Fueled by a "blowout" launch of its new breast-cancer drug Kadcyla, Roche ($RHHBY) posted a 10% hike in profits for the first half of the year, on sales that topped analyst estimates at 7.58 billion Swiss francs, or about $8 billion. The rest of Roche's cancer portfolio delivered, too, with top-selling Rituxan bringing home 1.7 billion francs.
|Roche CEO Severin Schwan|
Approved by the FDA in February, Kadcyla brought in 65 million francs, or about $69.5 million, for the second quarter, Kepler Cheuvreux analyst Fabian Wenner told Bloomberg. For the entire half-year--the figures Roche reported today--Kadcyla garnered global sales of 83 million francs. Another new breast cancer treatment, Perjeta, approved by the FDA last November, accounted for 108 million francs.
"It was a blowout result," Wenner told the news service of Kadcyla's sales.
Roche needs new products to kick in as it prepares for biosimilar competition to its gold-standard older drugs, including Rituxan, a treatment for blood cancers and autoimmune disease, and Herceptin, the breast cancer therapy, which brought in 1.55 billion francs for the period. That's 3.25 billion francs at risk, or about $3.5 billion. Analysts are expecting biosimilars to hit in the U.S. as soon as 2015, but Roche now says it sees Rituxan biosims waiting till 2016.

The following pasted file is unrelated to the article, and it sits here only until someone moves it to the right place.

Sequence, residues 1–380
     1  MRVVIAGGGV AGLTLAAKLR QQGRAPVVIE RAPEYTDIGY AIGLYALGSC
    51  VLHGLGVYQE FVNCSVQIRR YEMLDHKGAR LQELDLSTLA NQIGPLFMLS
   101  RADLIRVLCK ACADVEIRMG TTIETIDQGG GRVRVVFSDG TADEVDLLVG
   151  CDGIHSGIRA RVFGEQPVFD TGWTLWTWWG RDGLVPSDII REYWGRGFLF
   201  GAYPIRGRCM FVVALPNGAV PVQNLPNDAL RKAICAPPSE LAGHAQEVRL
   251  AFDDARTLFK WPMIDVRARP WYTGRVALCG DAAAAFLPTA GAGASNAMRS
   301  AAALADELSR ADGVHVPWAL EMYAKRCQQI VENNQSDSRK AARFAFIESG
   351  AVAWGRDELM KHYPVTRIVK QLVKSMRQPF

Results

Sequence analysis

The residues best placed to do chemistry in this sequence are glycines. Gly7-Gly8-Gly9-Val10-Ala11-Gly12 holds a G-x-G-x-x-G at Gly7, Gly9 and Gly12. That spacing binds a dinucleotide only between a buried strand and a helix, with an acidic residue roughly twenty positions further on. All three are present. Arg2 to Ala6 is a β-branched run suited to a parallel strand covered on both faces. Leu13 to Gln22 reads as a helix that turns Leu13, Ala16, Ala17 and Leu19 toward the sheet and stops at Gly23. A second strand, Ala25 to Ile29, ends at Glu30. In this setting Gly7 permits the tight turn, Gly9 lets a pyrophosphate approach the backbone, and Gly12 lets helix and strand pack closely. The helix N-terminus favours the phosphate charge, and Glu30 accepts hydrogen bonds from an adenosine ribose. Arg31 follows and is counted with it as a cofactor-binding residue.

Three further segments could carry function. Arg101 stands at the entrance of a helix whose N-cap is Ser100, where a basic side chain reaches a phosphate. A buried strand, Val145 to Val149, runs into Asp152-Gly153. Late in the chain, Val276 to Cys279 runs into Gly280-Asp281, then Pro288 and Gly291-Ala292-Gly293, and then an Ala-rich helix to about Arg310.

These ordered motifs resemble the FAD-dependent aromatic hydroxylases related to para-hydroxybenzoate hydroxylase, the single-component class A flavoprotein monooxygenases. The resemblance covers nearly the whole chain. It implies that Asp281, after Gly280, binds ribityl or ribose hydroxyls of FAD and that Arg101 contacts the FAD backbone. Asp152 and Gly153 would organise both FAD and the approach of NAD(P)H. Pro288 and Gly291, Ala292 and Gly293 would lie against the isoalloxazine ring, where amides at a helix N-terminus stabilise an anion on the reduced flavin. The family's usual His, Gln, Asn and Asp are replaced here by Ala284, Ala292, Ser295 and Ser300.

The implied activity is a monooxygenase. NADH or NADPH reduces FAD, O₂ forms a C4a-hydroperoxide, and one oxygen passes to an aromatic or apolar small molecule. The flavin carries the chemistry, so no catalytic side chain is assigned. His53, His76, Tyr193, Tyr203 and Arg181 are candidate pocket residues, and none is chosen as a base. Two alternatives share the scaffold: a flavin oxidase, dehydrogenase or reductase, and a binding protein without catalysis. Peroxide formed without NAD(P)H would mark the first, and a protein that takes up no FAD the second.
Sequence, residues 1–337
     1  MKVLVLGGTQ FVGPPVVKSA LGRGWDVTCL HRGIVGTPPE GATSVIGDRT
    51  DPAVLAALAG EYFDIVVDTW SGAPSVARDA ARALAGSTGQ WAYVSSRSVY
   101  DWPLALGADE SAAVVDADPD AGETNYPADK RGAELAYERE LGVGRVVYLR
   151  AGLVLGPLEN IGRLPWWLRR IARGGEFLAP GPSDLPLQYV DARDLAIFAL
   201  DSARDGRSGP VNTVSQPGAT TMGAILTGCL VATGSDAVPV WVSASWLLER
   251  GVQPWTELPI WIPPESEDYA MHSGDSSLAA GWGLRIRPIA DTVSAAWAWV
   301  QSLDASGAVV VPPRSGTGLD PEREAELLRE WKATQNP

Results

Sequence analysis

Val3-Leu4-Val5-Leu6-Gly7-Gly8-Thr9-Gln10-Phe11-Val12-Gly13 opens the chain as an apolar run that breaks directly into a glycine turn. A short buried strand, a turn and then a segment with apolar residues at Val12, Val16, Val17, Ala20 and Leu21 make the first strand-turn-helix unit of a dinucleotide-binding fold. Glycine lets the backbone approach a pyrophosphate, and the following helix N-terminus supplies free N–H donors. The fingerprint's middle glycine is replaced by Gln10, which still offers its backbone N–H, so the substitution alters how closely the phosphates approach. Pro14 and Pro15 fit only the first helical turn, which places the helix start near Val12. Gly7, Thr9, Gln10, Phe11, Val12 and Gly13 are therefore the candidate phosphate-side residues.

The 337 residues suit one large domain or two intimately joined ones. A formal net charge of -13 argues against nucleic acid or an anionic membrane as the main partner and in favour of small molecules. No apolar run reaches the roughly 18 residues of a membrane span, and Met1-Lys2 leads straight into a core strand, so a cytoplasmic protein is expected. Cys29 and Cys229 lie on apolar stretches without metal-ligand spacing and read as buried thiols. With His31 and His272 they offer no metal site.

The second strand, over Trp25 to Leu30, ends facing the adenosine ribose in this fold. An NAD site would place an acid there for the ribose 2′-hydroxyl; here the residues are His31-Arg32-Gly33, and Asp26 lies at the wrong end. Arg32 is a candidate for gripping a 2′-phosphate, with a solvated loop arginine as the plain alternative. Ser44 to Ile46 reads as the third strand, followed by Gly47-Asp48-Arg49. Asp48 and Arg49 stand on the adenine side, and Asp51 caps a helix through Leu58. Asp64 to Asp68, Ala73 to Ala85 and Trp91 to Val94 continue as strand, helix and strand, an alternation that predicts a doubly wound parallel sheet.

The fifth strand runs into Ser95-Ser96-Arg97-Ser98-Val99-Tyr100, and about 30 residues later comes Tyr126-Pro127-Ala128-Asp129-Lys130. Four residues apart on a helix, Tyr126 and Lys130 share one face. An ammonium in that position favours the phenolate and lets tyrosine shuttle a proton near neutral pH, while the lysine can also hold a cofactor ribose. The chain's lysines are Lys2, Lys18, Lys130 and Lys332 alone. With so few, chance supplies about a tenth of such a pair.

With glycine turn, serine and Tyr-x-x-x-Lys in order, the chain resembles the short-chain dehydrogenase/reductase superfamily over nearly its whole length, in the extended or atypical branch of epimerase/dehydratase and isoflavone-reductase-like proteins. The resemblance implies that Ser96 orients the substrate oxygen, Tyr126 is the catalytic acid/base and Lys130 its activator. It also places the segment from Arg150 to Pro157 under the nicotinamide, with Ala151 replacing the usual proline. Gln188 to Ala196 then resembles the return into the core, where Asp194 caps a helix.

Roche has been pushing beyond cancer, with R&D efforts in asthma, diabetes and Alzheimer's disease, among others. Its success has been limited so far; pharma chief Daniel O'Day noted today during the earnings call that the company may abandon heart and metabolic diseases completely. "We are still deciding," he said (as quoted by Bloomberg).
What else can Roche do to prep for competition? Deals, of course. The company is said to be eyeing a deal for Alexion Pharmaceuticals ($ALXN), the U.S.-based rare-disease specialist that reaps billions from small patient populations. Its Soliris treatment for two rare diseases brought in $1.13 billion last year. Though Roche CEO Severin Schwan wouldn't comment on a potential Alexion deal, he did say the company is eyeing bolt-on buyouts.
"As far as our overall innovation strategy is concerned there is no change," Schwan said (as quoted by Reuters). "It has always been our strategy to have internal and external innovation. ... [W]e will continue to focus on bolt-on acquisitions."
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